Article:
The ongoing labor shortage is exacerbating some central Indiana school systems’ annual struggle to hire bus drivers and forcing some districts to make drastic changes.
Carmel Clay Schools announced this week that it was making multiple adjustments to its transportation system to accommodate a shortage of about 50 drivers. Carmel Clay Schools Assistant Director of Facilities and Transportation Gary Clevenger said the district is pairing systematic changes with hefty incentives in the hope it can grow from 130 drivers to the 180 it actually needs.
“In light of the shortage, we’ve implemented the largest percentage increase in bus driver pay in the last 20 years,” Clevenger said.
Last year, drivers were paid $110.50 per day. This year, new drivers will make $118 per day, and current drivers could receive as much as $123 per day. There’s also a 2% raise scheduled for next year, meaning bus drivers will see the highest two-year pay increase in the district.
“Part of that is acknowledging all the difficult work they have to do under difficult circumstances,” Clevenger said.
Despite hosting hiring fairs and advertising its incentives, the dearth of willing and qualified drivers has proven to be too much, Clevenger said.
“We had a phenomenal turnout and got a lot of people hired on, but it felt like a drop in the bucket because it’s been offset by retirements and resignations,” Clevenger said. “Eventually, the hole gets deep enough that no amount of scrambling can fix it.”
Beyond employee incentives, Clevenger said the school system has implemented a number of scheduling and rider-reduction measures to get students to school.
One such measure is a three-tiered system in which school start times were altered to allow for drivers who previously ran one or two routes a day to run as many as three. In recognition of the additional work, Clevenger said bus drivers have the opportunity to make a $25 stipend for each additional route.
The district is also plotting out “no bus zones,” where bus services won’t be offered to students living within a mile of their school. Parents on social media bemoaned the “no-bus” zones.
“With the limited number of drivers we have, there was no way to get the current number of students we’re transporting to school on time,” Clevenger said. “We tried modeling each of these by themselves to see if they solved the problem and we wouldn’t have to hobble our way through the year. Unfortunately, no single one of them worked.”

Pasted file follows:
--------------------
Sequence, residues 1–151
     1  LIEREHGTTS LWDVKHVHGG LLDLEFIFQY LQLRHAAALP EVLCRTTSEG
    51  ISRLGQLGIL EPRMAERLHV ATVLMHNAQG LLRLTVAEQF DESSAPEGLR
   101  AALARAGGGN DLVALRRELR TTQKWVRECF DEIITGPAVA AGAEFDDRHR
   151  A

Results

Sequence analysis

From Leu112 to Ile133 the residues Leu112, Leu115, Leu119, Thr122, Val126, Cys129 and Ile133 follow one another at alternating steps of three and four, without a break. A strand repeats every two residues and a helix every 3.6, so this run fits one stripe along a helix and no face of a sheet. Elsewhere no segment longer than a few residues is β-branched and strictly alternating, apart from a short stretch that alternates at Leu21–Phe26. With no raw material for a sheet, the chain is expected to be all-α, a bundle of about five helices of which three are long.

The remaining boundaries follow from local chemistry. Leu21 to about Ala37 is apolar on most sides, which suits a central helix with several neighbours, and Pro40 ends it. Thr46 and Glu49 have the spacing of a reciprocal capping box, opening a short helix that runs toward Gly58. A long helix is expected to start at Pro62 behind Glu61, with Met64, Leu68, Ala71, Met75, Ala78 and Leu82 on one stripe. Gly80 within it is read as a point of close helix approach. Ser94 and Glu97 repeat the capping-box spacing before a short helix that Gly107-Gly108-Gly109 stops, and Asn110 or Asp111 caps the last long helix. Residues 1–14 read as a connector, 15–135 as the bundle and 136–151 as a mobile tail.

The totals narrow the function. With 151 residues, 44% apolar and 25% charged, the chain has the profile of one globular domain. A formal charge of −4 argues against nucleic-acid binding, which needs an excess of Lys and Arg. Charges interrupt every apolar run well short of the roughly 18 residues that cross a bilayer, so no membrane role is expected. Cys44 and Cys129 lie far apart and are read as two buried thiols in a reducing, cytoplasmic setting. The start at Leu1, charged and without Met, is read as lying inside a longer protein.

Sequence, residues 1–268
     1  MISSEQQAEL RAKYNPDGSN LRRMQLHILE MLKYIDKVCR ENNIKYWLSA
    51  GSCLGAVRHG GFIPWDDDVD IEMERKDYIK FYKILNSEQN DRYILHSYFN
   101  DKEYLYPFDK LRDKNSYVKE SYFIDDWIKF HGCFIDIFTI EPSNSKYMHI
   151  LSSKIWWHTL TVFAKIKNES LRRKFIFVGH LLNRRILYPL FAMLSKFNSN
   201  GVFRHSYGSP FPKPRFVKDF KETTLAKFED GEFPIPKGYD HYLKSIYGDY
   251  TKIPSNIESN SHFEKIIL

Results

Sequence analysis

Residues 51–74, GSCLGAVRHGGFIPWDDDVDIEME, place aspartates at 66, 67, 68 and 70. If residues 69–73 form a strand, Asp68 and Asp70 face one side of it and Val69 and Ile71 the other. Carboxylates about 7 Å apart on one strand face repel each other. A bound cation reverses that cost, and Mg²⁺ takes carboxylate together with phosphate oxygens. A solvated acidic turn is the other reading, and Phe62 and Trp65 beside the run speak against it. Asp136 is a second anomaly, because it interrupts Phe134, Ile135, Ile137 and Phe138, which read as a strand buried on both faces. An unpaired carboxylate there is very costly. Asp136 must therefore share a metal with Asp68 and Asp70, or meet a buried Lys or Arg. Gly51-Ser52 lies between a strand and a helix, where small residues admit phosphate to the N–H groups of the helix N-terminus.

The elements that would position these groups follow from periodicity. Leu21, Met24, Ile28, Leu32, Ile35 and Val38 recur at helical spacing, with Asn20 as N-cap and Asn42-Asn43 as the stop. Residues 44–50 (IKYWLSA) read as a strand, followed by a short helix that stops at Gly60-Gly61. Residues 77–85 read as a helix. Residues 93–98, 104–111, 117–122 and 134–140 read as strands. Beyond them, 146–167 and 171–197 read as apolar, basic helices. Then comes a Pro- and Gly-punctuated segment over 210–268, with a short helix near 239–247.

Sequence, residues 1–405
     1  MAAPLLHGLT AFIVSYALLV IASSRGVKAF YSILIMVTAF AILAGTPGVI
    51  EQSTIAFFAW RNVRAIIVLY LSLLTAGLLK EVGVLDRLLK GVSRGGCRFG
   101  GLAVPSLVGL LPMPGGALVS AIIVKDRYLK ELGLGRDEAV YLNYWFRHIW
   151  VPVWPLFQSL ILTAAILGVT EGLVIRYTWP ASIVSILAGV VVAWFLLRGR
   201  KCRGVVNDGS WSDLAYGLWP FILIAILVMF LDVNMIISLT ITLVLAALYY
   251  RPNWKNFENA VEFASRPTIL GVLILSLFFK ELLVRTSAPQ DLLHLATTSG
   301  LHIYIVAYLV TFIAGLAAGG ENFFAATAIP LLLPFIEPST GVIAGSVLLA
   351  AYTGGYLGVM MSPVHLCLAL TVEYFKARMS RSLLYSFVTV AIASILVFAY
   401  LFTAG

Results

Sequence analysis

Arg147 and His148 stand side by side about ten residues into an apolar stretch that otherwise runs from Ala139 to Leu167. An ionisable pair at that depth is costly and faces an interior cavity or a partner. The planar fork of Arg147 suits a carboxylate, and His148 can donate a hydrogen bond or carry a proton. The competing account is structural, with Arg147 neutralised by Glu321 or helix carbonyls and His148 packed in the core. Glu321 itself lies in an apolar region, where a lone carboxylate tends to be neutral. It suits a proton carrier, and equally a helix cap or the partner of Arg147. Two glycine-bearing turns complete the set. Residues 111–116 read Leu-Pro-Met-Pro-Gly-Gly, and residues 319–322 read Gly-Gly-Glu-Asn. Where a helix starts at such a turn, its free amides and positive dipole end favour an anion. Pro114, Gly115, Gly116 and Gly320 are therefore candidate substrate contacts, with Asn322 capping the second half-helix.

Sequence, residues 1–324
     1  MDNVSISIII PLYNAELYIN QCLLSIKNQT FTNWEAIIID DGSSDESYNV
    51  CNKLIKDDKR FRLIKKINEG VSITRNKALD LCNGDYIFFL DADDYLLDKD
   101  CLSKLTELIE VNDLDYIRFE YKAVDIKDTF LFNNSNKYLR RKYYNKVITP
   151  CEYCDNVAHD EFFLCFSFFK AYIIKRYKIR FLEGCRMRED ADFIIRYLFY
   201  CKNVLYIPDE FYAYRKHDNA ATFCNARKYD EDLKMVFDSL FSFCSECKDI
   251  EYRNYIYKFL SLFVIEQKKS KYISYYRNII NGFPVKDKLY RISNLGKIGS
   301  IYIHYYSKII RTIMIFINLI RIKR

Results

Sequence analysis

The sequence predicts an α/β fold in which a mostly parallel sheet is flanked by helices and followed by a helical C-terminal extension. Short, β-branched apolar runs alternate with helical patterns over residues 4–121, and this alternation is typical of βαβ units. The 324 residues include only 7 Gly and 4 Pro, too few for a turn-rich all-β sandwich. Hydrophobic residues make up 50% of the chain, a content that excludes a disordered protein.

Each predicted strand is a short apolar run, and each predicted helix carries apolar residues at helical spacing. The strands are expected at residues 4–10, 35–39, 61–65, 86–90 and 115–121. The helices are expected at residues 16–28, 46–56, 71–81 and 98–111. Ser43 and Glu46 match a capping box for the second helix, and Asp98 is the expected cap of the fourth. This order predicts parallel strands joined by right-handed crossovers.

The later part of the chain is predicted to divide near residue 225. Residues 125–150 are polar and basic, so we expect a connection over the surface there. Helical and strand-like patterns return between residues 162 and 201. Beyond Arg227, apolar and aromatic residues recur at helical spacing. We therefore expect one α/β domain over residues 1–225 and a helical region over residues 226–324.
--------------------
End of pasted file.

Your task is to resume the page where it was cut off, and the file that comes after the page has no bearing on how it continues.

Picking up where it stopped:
Carmel Clay Schools isn’t alone in its need for additional drivers. Clevenger said many neighboring districts need as many as 30 additional hires each.
To the south, Washington Township Schools has seen a similar trend of bus drivers quitting during the pandemic. After attempting to recruit new drivers, the district is warning parents that their children’s route might be altered, combined or serviced by various drivers.
The district is encouraging families to transport their children to and from school, if possible. In addition to allowing families to opt out of bus services, the district has made it a rule that students who do not ride the bus for two weeks will be removed from routes.
Washington Township is also looking to its current drivers and offering them $100 sign-on bonuses for proven referrals.
Marnie Cooke, director of marketing and communications for Noblesville Schools, said in a written statement that the district hasn’t had to make the same changes as Carmel Clay Schools. However, the system is still looking to hire drivers.
“We’re 6-7 bus drivers short right now, which is worse than where we typically are as we start school. Thankfully we are getting by and have not had to adjust routes in any way,” Cook said.
Aside from the financial compensation, Cooke said Noblesville Schools’ offerings to its bus drivers stand out from other districts for their health and retirement benefits.
Hamilton Southeastern Director of School and Community Relations Emily Pace Abbotts said her district had 375 drivers last school year, and only 350 this year. It could use approximately 10 to 15 more drivers, but all routes are covered. That’s despite the fact that Hamilton Southeastern’s starting pay is $98 per day, significantly less than what Carmel Clay Schools is offering.
“We’re not really facing a shortage,” she said. “If we had not flipped to the three-tier transportation situation, our director said we’d be in a pickle, too. Switching to that three-tier model freed up a lot of positions.”
Unlike the restaurant, hospitality and other industries hardest hit by labor shortages during the pandemic, a commercial driver’s licensure, training, random drug tests, physicals and federal background checks present a high barrier for those considering a job as a bus driver, Clevenger said.
As for the impact to parents who might now have to drive their children to school, Clevenger said he’s sorry if they face scheduling conflicts. Now that he’s in a no-bus zone, he said he’ll have to start dropping his own kids off right around the time he’s supposed to report for work.
“I know this puts a hardship on them,” he said. “We’re very sorry this is impacting our community, but there was no way around this.”